As a Support Team, we can only fix things if they're not working the way that they're suppose to. Occasionally, a new feature will seem like the answer to your problem but upon testing, it does not work at all. Any Support Team will be happy to dig into that problem, but what sometimes is discovered is that your specific use-case for a feature wasn't considered and simply wasn't designed to work in the way you're using it.

When this happens, our objective switches from fixing the problem to getting you to the right person to hear your concerns. We can not fix something that's working how it was designed. If there's a vital function a feature is missing, our product team is the best team to hear about that.

Our product managers are very active on the Success community, and are open to any ideas you may have for the product. They are always reading the 'Product Ideas' category and making adjustments to the roadmap based on votes from other clients. If missing functionality is a major concern for you, the Support team can help add weight to your idea by bringing it up internally, but at the end of the day, if an idea gets a ton of votes, that is going to be the best way to push an improvement forward and make it a reality.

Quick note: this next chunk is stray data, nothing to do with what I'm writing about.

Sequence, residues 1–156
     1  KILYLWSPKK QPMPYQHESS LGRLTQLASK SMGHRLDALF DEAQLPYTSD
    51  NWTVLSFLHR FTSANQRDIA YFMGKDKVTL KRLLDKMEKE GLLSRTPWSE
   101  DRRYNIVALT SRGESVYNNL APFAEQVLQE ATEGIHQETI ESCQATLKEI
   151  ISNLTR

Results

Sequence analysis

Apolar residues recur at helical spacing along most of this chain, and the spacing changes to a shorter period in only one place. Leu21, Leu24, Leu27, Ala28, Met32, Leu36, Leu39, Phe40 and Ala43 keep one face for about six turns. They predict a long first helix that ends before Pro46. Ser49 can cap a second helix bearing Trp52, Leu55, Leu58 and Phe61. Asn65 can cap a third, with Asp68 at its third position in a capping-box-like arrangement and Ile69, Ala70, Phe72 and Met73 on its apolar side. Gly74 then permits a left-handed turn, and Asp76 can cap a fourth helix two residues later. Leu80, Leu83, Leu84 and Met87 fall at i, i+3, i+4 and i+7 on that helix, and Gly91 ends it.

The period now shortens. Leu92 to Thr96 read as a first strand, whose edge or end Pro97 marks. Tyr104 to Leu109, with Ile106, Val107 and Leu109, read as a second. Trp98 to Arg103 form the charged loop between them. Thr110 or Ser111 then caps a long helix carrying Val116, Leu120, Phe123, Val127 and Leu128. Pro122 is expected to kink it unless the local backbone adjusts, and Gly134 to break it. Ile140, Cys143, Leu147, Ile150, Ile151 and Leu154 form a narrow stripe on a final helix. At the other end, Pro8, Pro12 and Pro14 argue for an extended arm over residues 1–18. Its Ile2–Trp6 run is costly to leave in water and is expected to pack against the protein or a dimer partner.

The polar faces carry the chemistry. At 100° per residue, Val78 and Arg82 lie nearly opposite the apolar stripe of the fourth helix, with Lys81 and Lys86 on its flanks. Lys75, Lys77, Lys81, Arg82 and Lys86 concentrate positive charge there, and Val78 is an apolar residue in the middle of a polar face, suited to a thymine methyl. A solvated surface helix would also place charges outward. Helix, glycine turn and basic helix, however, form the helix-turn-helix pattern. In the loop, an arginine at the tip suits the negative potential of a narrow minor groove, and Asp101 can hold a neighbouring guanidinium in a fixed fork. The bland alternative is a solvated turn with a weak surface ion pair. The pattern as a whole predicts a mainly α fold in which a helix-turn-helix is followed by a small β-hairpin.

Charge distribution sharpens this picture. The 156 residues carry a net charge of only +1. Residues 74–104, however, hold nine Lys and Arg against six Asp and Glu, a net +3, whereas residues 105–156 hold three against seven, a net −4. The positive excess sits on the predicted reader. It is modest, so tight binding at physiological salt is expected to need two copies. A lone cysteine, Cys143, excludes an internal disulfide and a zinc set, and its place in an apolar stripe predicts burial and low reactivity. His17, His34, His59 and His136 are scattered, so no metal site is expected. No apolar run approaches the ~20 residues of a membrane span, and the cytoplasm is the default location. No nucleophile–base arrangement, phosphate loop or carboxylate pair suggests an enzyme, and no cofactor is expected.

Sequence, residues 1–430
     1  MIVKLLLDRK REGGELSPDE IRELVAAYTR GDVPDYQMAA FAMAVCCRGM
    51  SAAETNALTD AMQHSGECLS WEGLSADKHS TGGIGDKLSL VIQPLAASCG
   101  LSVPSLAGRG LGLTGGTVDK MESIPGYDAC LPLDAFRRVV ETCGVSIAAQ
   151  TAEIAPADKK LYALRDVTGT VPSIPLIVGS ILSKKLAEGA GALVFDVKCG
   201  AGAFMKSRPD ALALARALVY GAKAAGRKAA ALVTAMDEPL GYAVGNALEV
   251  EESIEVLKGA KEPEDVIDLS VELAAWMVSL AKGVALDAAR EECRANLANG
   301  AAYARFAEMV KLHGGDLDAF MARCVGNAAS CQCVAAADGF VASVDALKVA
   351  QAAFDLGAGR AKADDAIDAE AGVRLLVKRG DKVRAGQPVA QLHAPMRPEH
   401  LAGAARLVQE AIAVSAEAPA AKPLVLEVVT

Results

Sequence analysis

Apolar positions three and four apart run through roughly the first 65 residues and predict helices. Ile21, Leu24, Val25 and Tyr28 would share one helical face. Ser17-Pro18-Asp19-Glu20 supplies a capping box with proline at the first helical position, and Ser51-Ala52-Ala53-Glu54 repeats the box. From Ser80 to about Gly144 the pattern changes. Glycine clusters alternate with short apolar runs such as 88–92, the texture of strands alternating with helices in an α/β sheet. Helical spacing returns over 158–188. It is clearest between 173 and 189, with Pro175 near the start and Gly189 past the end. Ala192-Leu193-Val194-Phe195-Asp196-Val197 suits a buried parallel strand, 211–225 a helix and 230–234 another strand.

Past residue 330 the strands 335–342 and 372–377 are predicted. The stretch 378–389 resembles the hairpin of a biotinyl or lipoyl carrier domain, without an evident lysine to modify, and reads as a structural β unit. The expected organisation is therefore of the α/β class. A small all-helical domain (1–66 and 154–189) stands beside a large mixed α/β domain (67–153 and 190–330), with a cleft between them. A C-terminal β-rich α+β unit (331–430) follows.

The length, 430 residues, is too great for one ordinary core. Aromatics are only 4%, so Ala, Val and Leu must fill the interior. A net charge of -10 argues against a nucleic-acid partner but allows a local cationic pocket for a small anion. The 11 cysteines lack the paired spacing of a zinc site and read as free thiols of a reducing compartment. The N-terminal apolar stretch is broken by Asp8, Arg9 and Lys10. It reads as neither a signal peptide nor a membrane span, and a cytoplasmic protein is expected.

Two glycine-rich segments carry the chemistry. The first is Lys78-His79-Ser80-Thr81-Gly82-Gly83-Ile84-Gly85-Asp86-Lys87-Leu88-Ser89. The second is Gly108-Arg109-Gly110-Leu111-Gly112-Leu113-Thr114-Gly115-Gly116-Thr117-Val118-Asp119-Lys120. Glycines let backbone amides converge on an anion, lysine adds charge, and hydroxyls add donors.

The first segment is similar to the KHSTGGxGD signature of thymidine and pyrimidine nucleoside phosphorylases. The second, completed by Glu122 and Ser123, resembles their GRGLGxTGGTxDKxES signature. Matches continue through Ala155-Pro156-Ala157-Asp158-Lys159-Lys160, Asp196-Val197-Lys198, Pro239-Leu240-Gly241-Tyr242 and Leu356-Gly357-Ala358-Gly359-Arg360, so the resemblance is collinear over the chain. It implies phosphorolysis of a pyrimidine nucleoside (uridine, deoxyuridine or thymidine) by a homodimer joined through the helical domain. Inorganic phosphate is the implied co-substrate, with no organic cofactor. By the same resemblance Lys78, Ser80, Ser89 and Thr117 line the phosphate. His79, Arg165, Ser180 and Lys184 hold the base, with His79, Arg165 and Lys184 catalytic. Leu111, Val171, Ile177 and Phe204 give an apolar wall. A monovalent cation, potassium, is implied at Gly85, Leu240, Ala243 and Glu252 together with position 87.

Cheat Code: Jam.Dev

This next bit is going to seem like an ad. I am not sorry.

I spend way more time than I'd like to admit researching things to make Support better. One of my most recent tech discoveries/obsessions on that topic is jam.dev. This is a little browser extension that you can flip on to take a screenshot or recording of your screen, and it records EVERYTHING. All the information I talked about above, you can grab all at once with this tool. It's very simple to use too:

  1. Hit Jam icon and select screenshot or recording.
  2. Take screenshot of page or perform action during recording.
  3. Save.
  4. Send the jam.dev link to us.

I've used this internally to highlight problems to our developers, and it's been a game-changer. I can easily show them the problem, they can grab any information they need from the built-in developer tools and we can even communicate on the jam.dev link itself to talk about specific points.

It is also free. There's some advantages to using a paid version, but at this time, all my needs have been met without upgrading.